In times of backed-up traffic on the Interstate, I am the type to merge early because that is what I’ve been taught to do. During road construction season in Minnesota, drivers are hit with road closures, detours, and reduced lanes. This means bumper-to-bumper traffic. In this scenario, 99.9% of the time my road rage likes to make a stance on what I define as “stupid drivers.” Mainly, it’s the cause of merging into reduced lanes, and unfortunately merging into one lane.
For as long as I can remember, I’ve always been merging early because those who wait the very last minute to merge are dumb and don’t know how to drive. WRONG! The Minnesota Department of Transportation, also known as MnDOT, encourages drivers to use all lanes during backup and to do the “zipper merge.” Well, what exactly is a “zipper merge?”
A zipper merge is when a lane is closed in a construction zone, a zipper merge occurs when motorists use both lanes of traffic until reaching the defined merge area, and then alternate in “zipper” fashion into the open lane. (MnDOT)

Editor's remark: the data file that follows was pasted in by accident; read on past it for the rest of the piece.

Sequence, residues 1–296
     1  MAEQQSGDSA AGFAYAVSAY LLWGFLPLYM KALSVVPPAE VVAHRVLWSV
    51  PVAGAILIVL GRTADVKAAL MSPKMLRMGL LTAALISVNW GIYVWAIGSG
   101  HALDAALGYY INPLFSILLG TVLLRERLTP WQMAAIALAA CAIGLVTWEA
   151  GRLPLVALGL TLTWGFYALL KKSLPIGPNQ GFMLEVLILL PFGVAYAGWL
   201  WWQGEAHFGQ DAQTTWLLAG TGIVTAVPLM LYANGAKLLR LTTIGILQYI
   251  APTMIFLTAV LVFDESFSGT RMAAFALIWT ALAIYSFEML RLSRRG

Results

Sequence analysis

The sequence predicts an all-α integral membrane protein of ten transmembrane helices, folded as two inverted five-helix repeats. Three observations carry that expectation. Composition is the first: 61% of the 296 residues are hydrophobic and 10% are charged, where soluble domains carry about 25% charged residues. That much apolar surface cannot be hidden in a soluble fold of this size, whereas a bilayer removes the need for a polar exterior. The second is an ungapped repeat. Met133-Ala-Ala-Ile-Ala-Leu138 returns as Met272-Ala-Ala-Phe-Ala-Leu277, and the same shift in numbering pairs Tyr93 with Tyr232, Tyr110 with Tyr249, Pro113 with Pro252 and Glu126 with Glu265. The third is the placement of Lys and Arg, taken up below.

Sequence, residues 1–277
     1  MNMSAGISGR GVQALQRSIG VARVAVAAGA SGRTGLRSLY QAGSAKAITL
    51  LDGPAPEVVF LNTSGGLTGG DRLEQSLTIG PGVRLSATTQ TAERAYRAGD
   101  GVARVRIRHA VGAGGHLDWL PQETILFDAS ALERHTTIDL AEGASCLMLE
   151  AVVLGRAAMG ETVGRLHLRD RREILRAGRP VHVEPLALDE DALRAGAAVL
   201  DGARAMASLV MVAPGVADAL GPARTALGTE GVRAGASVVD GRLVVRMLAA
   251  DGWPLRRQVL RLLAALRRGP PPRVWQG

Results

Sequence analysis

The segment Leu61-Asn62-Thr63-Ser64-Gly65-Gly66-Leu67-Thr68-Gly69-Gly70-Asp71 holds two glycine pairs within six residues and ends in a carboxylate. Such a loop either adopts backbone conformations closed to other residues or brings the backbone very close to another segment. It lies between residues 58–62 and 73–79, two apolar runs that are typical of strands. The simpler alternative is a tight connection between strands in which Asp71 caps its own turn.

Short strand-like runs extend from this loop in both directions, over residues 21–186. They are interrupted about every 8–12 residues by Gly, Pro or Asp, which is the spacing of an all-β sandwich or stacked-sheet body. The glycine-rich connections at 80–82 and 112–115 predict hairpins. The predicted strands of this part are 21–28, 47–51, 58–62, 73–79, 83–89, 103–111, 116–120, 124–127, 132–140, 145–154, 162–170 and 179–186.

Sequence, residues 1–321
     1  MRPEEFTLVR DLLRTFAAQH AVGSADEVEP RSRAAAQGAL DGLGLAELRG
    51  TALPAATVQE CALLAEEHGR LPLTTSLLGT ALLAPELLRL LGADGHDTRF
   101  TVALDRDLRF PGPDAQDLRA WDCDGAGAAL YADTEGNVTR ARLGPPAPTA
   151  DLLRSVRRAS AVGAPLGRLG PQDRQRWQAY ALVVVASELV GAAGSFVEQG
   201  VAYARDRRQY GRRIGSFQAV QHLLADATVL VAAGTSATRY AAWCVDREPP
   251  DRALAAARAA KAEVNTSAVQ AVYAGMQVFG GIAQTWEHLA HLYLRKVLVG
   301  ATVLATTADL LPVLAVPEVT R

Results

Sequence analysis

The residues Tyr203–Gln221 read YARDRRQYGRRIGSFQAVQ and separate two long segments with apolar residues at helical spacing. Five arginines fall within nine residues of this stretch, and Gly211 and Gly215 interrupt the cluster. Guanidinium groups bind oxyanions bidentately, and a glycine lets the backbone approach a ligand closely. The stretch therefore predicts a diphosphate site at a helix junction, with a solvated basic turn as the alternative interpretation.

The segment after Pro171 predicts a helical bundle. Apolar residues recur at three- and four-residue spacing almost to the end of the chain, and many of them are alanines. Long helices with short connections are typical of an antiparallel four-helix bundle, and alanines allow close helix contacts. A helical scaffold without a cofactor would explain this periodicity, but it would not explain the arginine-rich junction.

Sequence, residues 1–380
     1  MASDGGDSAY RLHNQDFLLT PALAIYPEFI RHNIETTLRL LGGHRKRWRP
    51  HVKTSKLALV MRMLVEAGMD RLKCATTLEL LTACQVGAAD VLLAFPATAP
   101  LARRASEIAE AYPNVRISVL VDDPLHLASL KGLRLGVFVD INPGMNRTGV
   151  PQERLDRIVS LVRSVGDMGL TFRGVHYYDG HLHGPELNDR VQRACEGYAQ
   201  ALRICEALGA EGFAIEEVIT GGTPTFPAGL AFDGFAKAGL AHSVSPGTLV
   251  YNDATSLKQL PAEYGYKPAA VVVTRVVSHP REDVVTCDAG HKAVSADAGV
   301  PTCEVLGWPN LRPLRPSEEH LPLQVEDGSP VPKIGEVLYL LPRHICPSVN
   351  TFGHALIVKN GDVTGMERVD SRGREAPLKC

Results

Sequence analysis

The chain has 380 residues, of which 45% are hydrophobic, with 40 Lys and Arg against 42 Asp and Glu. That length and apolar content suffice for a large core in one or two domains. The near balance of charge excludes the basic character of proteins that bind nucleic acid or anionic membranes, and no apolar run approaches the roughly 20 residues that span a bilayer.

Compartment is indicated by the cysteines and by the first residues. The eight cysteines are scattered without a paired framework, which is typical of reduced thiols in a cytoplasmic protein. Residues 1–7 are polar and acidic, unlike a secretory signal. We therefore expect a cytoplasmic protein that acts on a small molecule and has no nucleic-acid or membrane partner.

So, essentially we’re supposed to be merging late. This merge calls for a safe and smooth transition into single lane traffic. However, the zipper merge is only to be used during slow-moving traffic. When there are no traffic backups, continue in merging sooner.
Here are the benefits:
- Reduces differences in speeds between two lanes
- Reduces the overall length of traffic backup by as much as 40 percent
- Reduces congestion on freeway interchanges
- Creates a sense of fairness and equity that all lanes are moving at the same rate
I’ve been deceived for so long for what I thought was a citizen right in merging early. I’m sorry for merging early. Zipper merge I’m all yours!